Thursday, November 07, 2013




I see that millions of Euros have allegedly been trousered by the Mafia instead of reaching the intended destination of helping disaster victims and rebuilding of the town of L`Aquila in Italy which was badly affected by last year`s devastating earthquake. More than £450million from the EU`s `Solidarity Fund` went to the town where thousands of homes were destroyed and where over 300 people died.  

But in a draft report on the effectiveness of the aid, it is claimed that some of the money was paid  to companies `with direct or indirect ties` to organised crime and accuses the EU Commission of allowing fraud to take place on its watch.   The Commission has predictably rejected the allegation of misuse and insists that the distribution of funds has been `monitored carefully.`  So that`s alright then.


It also transpires that British taxpayers will have to cough up an extra £800million after the EU spent nearly £6billion `in error` last year.   The European Court of Auditors have refused yet again to sign off the EU accounts - for the 19th year in succession - and revealed that EU spending errors are 23% up on the year before.  It seems that a staggering £5.7billion was paid out to `ineligible projects` of which Britain`s share is £832million.   The Auditors also found that control of another £117billion was only `partially effective.`  A European Commission spokesman attempted to defend the situation by insisting that taxpayers would not have to pay the £832million of Britain`s share, claiming that instead it would be `clawed back.`  So that`s alright then.


Now if I was a paid up member of a club that treated its members with such patronising contempt and which conducted its business in such a cavalier and unaccountable manner I`m pretty sure I would have ripped up my membership card by now and walked away from it for good.   But with the EU it doesn`t really matter - it`s just other people`s money.   So that`s alright then.  Isn`t it?.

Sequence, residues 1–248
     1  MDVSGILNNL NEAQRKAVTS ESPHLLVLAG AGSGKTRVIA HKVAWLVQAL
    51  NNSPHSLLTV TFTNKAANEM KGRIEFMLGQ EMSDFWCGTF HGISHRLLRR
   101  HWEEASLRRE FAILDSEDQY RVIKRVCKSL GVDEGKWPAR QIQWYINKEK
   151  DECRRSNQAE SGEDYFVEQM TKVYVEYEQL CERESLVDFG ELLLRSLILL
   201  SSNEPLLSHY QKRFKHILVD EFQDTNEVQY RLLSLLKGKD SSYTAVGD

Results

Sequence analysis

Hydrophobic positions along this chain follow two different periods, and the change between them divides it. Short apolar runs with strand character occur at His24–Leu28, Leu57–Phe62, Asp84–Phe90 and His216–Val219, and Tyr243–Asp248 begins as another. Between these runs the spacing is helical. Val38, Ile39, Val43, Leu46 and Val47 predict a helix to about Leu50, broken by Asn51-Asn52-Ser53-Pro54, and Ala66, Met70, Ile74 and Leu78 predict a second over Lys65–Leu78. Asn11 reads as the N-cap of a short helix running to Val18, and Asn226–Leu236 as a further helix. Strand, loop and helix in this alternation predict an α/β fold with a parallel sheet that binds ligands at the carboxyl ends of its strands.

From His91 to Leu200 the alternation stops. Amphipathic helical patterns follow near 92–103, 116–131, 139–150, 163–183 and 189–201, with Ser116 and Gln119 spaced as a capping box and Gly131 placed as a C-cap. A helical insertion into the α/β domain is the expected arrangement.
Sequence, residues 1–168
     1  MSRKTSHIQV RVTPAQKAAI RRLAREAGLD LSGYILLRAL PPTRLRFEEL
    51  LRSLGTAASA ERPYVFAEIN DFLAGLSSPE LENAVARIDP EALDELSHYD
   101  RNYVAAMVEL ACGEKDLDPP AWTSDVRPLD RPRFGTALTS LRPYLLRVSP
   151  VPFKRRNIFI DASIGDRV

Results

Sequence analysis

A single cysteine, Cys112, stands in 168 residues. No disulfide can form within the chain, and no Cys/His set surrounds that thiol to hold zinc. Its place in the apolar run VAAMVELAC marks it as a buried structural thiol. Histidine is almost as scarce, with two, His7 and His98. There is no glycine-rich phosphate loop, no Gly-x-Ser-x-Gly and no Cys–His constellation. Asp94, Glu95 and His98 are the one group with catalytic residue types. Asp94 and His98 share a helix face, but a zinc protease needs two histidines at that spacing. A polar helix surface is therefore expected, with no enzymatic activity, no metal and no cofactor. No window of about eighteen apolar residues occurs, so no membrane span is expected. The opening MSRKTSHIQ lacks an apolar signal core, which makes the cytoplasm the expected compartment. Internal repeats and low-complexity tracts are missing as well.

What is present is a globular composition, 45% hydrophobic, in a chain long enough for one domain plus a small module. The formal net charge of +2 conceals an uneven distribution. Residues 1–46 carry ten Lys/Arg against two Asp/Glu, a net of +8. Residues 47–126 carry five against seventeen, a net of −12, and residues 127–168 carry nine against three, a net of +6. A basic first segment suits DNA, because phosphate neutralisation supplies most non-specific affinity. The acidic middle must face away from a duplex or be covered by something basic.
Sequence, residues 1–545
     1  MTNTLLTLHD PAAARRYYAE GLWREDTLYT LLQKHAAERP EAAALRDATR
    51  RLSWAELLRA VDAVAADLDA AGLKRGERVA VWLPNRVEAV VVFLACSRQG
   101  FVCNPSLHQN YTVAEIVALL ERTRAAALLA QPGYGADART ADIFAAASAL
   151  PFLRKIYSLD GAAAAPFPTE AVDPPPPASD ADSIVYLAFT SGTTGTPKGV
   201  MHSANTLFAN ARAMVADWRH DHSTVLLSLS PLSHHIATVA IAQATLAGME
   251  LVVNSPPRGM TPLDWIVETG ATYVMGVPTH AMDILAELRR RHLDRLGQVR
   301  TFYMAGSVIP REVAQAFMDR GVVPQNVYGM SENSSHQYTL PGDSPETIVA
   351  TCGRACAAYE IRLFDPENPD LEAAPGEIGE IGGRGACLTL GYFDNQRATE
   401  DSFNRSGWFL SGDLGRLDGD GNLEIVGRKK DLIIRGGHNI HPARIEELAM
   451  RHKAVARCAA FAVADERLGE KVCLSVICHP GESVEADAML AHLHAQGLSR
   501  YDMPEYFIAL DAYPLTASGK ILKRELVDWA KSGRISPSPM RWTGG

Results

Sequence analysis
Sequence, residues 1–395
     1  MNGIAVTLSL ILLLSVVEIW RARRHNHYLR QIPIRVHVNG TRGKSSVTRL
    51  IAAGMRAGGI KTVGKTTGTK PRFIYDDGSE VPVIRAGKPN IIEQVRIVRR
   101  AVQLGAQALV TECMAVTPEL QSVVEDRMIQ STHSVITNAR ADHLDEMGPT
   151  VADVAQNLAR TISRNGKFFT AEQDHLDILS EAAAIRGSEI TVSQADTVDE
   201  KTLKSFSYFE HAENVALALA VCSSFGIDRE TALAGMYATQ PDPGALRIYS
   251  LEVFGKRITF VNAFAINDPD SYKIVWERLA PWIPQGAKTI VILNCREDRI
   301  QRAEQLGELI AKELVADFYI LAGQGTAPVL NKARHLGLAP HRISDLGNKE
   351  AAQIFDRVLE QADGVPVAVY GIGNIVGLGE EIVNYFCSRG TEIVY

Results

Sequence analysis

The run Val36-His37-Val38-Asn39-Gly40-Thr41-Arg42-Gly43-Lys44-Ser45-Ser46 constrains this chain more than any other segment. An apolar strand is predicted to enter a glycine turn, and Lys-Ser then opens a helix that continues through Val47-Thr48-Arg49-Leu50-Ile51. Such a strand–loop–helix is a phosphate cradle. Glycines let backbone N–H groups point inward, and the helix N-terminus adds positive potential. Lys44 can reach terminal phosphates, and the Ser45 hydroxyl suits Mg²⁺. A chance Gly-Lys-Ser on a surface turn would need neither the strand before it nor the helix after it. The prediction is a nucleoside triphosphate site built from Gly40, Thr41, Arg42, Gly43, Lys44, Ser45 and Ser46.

3 comments:

Ray Turner said...

I think (and hope) that the first country to leave the EU will set a precedent that other members states feel obliged to follow, or which will force the EU to change radically for the better.

For instance, if the UK left and our economy really took off, that would be a clear message to all the other member states. They couldn't afford to ignore it.

That is of course why the EU Bureautwats and the pro-Europe lobby don't want anybody to leave...

Snopper said...
This comment has been removed by the author.
Snopper said...

`That is of course why the EU Bureautwats and the pro-Europe lobby don't want anybody to leave...` you said.

....along with the BBC and now the boss of Nissan. It`s interesting that already the main thrust of argument by the Europhiles is all about the economy and jobs, whilst there`s no evidence of any meltdown being likely. Again I have a basic point (most of mine are pretty basic) and it`s that the economy, jobs, investment, etc. will be what they will be, but if we do leave the EU at least we will retain the most important thing of all - our self-determination and our sovereignty...and I don`t think you can put a price on that.